significance. Here, Australias planning again offers some valuable insights, poised as it
is neatly (or is it precariously?) between competing visions of high-tech war and an
uncomfortable admixture of non-conventional challenges.

17
18

The Policy of the State Defence and Security of the Republic of Indonesia 1997, Jakarta, May 1997,
Defending the Country Entering the 21st Century, Ministry of Defence, Jakarta, March 2003, pp.45-59

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The planning effort that Australia has committed to understanding future conflict,
particularly in the context of guiding force structure development, is difficult to fault. It
has embarked upon an extensive series of studies of alternative futures, sought to
articulate a comprehensive military strategy which captures all the current and
prospective challenges to the nations security, undertaken extensive simulation and war
gaming to test concepts and develop skills, and produced a detailed, long-term capability
plan. 19

There are two key elements to that response. First, planners have projected twenty years
forward to the force after next, simply leapfrogging the fog of the immediate future. The
resultant Force 202020 and Future Warfighting Concept21 construct an appealing concept
of multidimensional manoeuvre warfare. Together they envisage the ADF as a seamless
force with network enabled operations underpinned by a common, real time battlespace
picture and decision superiority.
the ADF will aim to deploy robust forces from secure bases against the
adversarys most exposed vulnerabilities, with such speed and simultaneity that
the adversary can neither interfere with our operations nor effectively develop
their own.22
While multidimensional manoeuvre is directly primarily at the warlike end of the
contingency spectrum, it is seen as an approach that would be adaptable to other
operations.

More immediately, Australias defence planners have adopted several key assumptions to
guide planning in the shorter term. Australia, they believe, simply cannot afford two
different forces to undertake stability operations and conventional warfare. While forces
19

See Michael Evans, Australia and the Revolution in Military Affairs, Working Paper No.115, Land
Warfare Studies Centre, August 2001.
20
Force 2020, Department of Defence, Canberra, June 2002 available at
http://www.defence.gov.au/publications/f2020.pdf
21
Future Warfighting Concept, Department of Defence, Canberra, December 2002 available at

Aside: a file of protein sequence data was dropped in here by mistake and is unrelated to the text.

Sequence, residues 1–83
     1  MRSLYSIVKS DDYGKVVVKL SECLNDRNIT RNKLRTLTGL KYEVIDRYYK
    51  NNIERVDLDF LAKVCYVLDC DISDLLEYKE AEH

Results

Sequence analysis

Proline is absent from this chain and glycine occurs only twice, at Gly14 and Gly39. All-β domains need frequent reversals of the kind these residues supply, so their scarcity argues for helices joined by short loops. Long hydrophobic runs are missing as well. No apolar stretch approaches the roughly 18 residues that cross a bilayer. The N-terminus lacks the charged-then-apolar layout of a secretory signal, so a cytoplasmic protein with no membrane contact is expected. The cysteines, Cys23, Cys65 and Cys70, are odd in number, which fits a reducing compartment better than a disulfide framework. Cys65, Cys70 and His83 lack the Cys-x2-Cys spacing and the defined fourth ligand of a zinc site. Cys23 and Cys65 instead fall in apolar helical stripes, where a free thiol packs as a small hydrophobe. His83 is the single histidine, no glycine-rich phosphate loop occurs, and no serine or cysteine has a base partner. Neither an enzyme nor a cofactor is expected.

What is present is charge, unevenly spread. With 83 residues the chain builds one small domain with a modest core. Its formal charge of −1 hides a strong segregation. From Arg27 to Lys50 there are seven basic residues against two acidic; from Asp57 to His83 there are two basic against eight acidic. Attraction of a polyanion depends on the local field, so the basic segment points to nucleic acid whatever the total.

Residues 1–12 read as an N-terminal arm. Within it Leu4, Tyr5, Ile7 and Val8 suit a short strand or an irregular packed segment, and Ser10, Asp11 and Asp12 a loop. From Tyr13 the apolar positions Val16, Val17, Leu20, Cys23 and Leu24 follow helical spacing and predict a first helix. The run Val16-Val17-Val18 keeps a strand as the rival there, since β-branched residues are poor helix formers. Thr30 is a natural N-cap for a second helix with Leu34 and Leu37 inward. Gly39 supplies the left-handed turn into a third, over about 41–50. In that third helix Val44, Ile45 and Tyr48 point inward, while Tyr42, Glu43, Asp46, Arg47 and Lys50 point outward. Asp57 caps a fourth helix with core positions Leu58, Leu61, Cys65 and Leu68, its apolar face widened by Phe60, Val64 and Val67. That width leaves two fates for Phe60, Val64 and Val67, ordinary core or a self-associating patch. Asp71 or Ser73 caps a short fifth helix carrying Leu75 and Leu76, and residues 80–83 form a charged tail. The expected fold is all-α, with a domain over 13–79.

http://www.defence.gov.au/publications/fwc.pdf
22
Ibid, p.33

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equipped for high level conflict will be able to handle lesser tasks, that judgment is not
true in reverse. There was certainly a strong belief out of the experience of East Timor
that possessing a demonstrable warfighting capacity was instrumental in achieving early
success. The operational level of war is enjoying a resurgence of popularity as the vehicle
for implementing a network centric approach. Concepts of a balanced force and of
combined arms warfare are seen to provide the flexibility to respond to a diverse range of
contingencies.

But does that vision really hold up to scrutiny? Significant questions have already begun
to be raised about the affordability of the Defence Capability Plan. The Kinnaird review
of defence procurement expressed considerable concern about the underestimation of the
costs of new equipment. Current operations continue to put pressure on personnel and
logistics. The outcomes of the Defence Capability Review announced in November 2003
include the early retirement of several major platforms, reducing ADF capabilities in the
shorter term at least.23 Australia, like Japan, has also committed itself to supporting the
United States in exploring the possibility of developing a theatre missile defence system
for the region. Concern about missile proliferation is an issue that has been lurking in the
shadows of Australias defence planning for a decade but is only now beginning to slip
into the spotlight.

Importantly, the question is not simply one of current budget levels. During the last
decade, the ADF has exhausted virtually all its traditional tools of national mobilisation
simply to sustain lower level peace operations in its immediate neighbourhood. Civil
support for defence extends right through into the area of operations while Reserve forces
are being pushed closely to the boundaries of acceptability by the twin demands of
readiness and sustainability. While there is some disquiet within Army about the
apparently privileged treatment being given to the special forces, the Chief of Army has
raised the prospect of the ground forces overall having to introduce special force

23

Aldo Borgu, The Defence Capability Review 2003, A Modest and Incomplete Review, ASPI Strategic
Insight, December 2003, Australian Strategic Policy Institute, Canberra, 2003, pp.1-12

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characteristics by 2020. 24 Decisions to pension off the F-111 strike aircraft earlier than